This is the 21st century and social media is where people go and get their latest update on everything. Whether it is news, sports, entertainment or simple saying hello to the family, social media is people’s first choice for being in the know and staying connected to the world. With this said, it is not a surprise to find out that political campaigns have now taken a new route. Social media has now become a platform where politicians utilize it to appeal to a wide audience. Traditional media still plays a part, but more is been done via social media. People from other countries can know what is happening around the world in a second with only the touch of a button.
People in first world countries such as the United Kingdom and United States uses social media a lot. In a free world country such as the US, politicians make their voices heard. Such is the case with Twitter’s favorite user Donald Trump. Social media shapes the way people interact with information and how they respond to it. It is quite evident that it’s scope is very broad and it does not matter where on the earth you are, once you have a smart phone with WiFi or phone service you can be a part of everything that takes place in the world.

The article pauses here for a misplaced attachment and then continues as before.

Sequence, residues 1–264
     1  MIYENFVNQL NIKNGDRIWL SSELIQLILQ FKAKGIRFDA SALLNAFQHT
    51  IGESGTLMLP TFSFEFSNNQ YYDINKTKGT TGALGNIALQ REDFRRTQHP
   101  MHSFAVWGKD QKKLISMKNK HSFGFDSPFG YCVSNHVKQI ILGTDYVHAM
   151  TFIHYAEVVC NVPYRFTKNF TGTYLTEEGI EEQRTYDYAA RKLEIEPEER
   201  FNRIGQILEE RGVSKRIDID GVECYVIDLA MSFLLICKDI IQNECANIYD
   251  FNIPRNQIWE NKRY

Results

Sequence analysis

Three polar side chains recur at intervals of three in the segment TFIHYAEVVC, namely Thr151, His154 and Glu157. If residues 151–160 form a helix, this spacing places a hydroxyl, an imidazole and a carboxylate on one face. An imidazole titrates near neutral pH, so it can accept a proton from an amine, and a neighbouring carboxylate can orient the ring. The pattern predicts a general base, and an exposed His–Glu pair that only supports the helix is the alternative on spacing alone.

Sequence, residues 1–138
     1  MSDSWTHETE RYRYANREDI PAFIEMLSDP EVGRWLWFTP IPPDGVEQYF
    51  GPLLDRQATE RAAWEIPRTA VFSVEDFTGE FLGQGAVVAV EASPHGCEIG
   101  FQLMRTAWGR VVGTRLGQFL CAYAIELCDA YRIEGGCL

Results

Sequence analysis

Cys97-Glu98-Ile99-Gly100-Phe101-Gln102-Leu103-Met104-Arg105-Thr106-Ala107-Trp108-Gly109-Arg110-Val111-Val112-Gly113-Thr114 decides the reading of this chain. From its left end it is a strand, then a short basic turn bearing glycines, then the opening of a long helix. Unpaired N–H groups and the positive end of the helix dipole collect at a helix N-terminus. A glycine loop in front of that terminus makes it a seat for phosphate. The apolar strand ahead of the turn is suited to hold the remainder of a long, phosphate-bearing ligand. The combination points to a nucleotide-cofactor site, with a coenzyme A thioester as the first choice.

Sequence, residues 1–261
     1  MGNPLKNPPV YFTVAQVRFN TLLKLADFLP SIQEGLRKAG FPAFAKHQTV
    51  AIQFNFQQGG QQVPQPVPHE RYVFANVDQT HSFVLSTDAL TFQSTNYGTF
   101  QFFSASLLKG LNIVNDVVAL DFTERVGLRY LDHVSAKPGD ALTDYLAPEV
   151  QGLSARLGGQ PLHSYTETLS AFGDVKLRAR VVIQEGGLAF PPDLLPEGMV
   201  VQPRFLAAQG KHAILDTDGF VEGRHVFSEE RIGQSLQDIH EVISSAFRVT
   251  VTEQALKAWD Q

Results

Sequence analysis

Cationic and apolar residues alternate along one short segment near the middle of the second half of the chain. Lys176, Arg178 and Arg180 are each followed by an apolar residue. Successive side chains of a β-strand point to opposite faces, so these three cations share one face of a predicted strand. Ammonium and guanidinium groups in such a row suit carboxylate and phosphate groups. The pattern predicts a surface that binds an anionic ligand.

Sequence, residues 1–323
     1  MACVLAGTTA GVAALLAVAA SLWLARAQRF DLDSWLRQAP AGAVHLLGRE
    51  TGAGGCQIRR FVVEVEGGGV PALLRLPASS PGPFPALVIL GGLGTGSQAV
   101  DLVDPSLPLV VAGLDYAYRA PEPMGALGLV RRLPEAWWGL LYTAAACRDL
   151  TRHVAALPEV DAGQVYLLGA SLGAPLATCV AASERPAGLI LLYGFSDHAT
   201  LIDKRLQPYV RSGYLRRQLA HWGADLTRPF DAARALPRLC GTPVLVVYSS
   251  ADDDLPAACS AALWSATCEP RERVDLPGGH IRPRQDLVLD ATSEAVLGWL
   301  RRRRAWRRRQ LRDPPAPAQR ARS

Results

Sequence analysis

Below is part one of a two part series on a little research done on whether or not social media have an impact on the outcome of elections.
Social media has made political campaigning much easier but does it help politicians in anyway? It is really hard to say what impact social media has on a candidates performance in any type of election because peoples view change and they are so unpredictable. People might support you on social media but vote against you during elections and they do not vote at all. There is no definite conclusion therefore, as to whether or not social media impacts the outcome of elections. Doing a research of this magnitude takes time and money which is rather lacking at this time for a school assignment. I therefore used the resources that were available in the short time and put together my findings. Below is part two of my research on whether or not social media can shape the outcome of an election.